5. The Canopy

R.J. Rushdoony • Mar, 18 2024

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  • Series: Aspects of Systematic Theology
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Our Scripture is from Isaiah 4:2-6, and our subject: ‘the Canopy.’

In that day shall the branch of the LORD be beautiful and glorious,

And the fruit of the earth shall be excellent and comely

For them that are escaped of Israel.

And it shall come to pass, that he that is left in Zion,

And he that remaineth in Jerusalem,

Shall be called holy,

Even every one that is written among the living in Jerusalem:

When the Lord shall have washed away the filth of the daughters of Zion,

And shall have purged the blood of Jerusalem from the midst thereof

By the spirit of judgment, and by the spirit of burning.

And the LORD will create upon every dwelling place of mount Zion,

And upon her assemblies,

A cloud and smoke by day,

And the shining of a flaming fire by night:

For upon all the glory shall be a defence.

And there shall be a tabernacle for a shadow in the daytime from the heat,

And for a place of refuge, and for a covert from storm and from rain. 1

Isaiah 4:2-6 is a Messianic prophecy. Our concern with it is its relevance to the doctrine of the person of Christ. Now, verse two speaks of ‘the branch of the Lord,’ this is very clearly a common Messianic term. We encounter it in Isaiah 11:1, in Jeremiah 23:5-6, Jeremiah 33:15, in Zechariah 3:8 and 6:12.

Thus very clearly, this passage does speak about the Messiah. But it also has a reference to the moment, and to the immediate future of the time when Isaiah wrote. Isaiah speaks of the Babylonian captivity again and again, and he here speaks of the restoration of those Jews who returned from the captivity. How then are we to understand this passage? It plainly refers to the returning people from captivity, but it also has what is clearly a Messianic element.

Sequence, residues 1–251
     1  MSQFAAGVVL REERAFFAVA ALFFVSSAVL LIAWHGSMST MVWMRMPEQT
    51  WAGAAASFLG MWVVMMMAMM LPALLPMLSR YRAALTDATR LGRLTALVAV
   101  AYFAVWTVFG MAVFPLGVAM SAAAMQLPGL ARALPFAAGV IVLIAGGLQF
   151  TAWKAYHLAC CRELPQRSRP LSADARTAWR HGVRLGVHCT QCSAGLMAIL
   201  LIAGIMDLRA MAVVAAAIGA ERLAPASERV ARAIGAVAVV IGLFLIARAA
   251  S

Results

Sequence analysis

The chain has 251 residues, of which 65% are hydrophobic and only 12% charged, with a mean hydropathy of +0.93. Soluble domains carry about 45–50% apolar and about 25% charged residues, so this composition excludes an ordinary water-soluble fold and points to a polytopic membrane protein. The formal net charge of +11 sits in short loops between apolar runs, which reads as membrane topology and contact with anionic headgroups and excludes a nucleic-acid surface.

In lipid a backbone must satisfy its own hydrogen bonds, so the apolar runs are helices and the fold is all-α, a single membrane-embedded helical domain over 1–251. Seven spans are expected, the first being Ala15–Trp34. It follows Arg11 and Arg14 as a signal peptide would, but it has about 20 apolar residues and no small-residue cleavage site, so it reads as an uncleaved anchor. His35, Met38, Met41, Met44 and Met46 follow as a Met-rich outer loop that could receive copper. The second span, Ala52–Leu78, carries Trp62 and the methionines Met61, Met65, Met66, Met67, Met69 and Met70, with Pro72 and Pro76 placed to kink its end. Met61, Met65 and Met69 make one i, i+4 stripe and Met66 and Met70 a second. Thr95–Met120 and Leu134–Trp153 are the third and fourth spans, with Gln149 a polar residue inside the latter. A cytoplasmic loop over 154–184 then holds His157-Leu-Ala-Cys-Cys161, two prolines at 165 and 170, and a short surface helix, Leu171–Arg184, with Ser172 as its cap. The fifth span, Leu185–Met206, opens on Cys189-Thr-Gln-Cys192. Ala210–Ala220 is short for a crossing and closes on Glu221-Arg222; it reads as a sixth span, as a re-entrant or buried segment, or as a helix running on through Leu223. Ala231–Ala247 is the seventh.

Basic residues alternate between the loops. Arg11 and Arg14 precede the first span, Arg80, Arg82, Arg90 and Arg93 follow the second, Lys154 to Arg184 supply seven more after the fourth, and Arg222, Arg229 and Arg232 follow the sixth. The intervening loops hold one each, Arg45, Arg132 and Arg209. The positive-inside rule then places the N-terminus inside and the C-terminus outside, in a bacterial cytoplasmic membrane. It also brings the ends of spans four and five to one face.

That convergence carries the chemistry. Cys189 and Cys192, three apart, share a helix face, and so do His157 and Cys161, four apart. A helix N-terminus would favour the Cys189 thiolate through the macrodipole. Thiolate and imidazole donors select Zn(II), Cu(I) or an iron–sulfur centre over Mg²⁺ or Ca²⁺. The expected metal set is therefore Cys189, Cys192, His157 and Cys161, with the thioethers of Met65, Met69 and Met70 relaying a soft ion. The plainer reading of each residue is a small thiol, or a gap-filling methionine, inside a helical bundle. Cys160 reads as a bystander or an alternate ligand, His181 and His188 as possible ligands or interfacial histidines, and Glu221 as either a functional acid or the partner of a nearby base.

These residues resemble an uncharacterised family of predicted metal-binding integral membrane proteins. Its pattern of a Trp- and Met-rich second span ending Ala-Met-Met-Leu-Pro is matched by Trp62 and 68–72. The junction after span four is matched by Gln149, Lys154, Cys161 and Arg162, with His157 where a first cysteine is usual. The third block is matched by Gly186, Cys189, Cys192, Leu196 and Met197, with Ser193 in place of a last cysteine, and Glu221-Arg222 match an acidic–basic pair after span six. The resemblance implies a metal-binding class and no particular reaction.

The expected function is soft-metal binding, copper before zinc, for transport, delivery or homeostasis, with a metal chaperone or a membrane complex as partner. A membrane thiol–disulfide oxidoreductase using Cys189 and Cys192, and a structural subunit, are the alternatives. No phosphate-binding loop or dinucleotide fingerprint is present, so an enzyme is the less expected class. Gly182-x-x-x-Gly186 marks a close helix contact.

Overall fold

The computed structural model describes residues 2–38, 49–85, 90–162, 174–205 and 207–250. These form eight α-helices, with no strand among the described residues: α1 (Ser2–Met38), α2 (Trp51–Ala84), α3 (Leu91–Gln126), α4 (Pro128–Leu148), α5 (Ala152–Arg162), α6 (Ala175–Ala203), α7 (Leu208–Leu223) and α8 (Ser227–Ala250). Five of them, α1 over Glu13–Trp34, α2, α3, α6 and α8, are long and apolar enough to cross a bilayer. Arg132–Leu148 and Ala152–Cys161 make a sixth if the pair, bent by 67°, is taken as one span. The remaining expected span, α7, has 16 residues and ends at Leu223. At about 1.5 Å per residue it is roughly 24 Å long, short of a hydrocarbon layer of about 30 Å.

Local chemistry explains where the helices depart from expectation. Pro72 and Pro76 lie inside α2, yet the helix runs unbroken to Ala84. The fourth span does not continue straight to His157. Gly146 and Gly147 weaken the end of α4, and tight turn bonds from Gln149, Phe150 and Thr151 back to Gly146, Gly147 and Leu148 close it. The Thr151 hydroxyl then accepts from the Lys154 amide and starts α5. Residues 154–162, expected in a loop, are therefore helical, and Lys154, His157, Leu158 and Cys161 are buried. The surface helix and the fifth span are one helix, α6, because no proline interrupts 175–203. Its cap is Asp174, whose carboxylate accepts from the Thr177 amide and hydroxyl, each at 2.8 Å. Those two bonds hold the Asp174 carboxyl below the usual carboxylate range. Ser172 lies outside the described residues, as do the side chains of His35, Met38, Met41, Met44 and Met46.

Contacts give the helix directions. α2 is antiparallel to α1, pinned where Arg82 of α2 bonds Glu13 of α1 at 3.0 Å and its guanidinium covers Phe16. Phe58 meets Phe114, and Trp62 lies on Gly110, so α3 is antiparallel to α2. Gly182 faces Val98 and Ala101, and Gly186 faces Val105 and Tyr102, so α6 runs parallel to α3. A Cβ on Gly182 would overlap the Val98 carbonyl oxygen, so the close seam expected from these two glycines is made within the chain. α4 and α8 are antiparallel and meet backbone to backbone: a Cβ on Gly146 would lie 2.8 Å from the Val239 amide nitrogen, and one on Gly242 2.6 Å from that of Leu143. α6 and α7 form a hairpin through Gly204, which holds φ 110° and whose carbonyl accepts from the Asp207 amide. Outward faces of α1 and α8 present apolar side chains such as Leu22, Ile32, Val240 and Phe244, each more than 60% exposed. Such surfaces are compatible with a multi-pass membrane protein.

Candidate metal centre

First of all, all history comes from the hand of God. To be a believer in the Lord means to believe that everything that happens comes because God ordained it, that He knows the beginning from the end, and everything in between. History, thus, is not a series of isolated events; all events have both their uniqueness, and are a part of a pattern. We are to learn when we are in the event, it is unique indeed; but it is also a part of a pattern, and the unique event is going to be meaningless in our life, unless we learn from the Lord, and see the pattern, and grow in terms of what He ordains.

Of course, this is the meaning of typology. In Scripture every judgment that God brings is a type of the last judgment and the meaning of the last judgment is developed and it unfolds in all the various judgments which the Bible sets forth.